As you might know, four crank rotations make 1 complete cycle. However, to be accurate with the measurement.
You can get a compression tester and then screw it in your spark plug holes, unhooking the coil, and crank the engine.
It will be pretty easy to find any cylinder with a problem with this method.
The best test is a leak-down test, as it lets you know the extent of the leak (if it is a major or a minor leak). A major leak will mean that a bent valve is not sealing.
And if you listen to the intake manifold or even the exhaust, a bent valve will make you hear the sound of air passing.
There should be no leaks as long as there is no bent valve, just the little that gets by the worn rings.
While a bend engine valve will cause misfiring and make the check engine light come on, there are other effects it will have on your car, like impacting your car’s performance.
The distinction of the check engine light will be that it will keep on flashing.
Should You Be Able To Turn The Crankshaft Pulley By Hand?
No, It’s not possible to turn the crankshaft pulley by hand. Indeed, you can turn some pulleys like the alternator pulley, the water pump pulley, and the power steering pump pulley.
It’s normal and understandable that you cannot rotate either the crankshaft or cam pulleys by hand. But if you can rotate them by hand, you have a problem.
Therefore, if you want to rotate the engine by hand, you will have to place a large socket on your front crankshaft bolt and then attach a long ratchet wrench to rotate the crank.
The movements’ precision will improve with a longer wrench.
Crankshaft or engine rotation is the direction your car’s engine spins. It is either counterclockwise or clockwise. The standard rotation is counterclockwise.
But you will find a few cars with a clockwise rotation.
If you wish to disassemble the crankshaft pulley, you will first need to place one end on the bolt-removing tool to slacken the bolt or even use an impact wrench.
Tighten the bolt remover tool until the crankshaft pulley is completely released.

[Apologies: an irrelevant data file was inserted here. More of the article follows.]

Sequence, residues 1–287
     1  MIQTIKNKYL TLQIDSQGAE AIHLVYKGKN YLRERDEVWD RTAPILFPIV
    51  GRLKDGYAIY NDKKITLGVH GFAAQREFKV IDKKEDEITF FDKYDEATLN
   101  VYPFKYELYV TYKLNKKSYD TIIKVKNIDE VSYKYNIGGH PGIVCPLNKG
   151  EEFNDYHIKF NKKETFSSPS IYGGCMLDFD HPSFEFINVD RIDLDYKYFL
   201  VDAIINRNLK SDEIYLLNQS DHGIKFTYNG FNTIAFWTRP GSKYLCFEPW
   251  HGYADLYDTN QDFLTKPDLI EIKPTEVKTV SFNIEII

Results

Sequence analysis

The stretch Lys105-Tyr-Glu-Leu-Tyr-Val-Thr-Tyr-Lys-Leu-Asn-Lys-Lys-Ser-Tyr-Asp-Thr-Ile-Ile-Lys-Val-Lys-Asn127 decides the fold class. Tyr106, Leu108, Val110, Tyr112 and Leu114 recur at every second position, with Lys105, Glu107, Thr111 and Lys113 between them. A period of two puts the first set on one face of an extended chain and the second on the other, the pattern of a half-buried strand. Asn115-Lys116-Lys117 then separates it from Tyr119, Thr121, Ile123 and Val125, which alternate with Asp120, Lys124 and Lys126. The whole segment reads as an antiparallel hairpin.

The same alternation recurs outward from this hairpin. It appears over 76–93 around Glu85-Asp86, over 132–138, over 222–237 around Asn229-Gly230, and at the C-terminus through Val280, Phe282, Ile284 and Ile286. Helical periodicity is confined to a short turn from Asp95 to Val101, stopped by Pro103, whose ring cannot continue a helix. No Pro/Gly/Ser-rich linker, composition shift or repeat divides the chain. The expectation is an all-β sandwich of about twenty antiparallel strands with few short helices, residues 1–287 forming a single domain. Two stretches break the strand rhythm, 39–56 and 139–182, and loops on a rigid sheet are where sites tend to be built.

When working on the crankshaft, you will want to avoid turning it the wrong way since if you turn it backward.
The timing belt might jump a tooth since the tight side of the belt is relaxed while the slack side is tightened.
Although the slipping of the belt might not do any serious damage, it is advisable to reinstall it as per the garage instructions.
Will Compression Test Show Bad Valves?
Yes. Generally, the user will only notice a bad compressor valve over time as the compressor becomes increasingly inefficient.
And because this does not happen overnight, but year over year, the full extent of the damage may not be realized.
But the maintenance technicians are the ones who discover such problems as they conduct regular inspections of the system.
Professionals use gauges to test the pressurization and compression of the system, tracking its performance as it cycles on and off.
Compression tests will show if a compressor has bad valves and make you aware that the system has a build-up that will get it flooded every time it turns on.
It’s needful to note that the compressor has a high-pressure side and a low-pressure side. The difference in pressures is what allows contraction and expansion.
But when valves start to go bad, the engine cannot perform as it should as the pressure differences start to equalize across the entire system.
Bad valves will cost you money in the long run as they lead to poor fuel efficiency if you are lucky enough to ride the car in that condition.
Additionally, when valves go bad, overheating is a widespread occurrence. Therefore, this is a matter to be concerned about.
A car can run with bent valves, but you might not want to do that as it will cause more costly damages over time.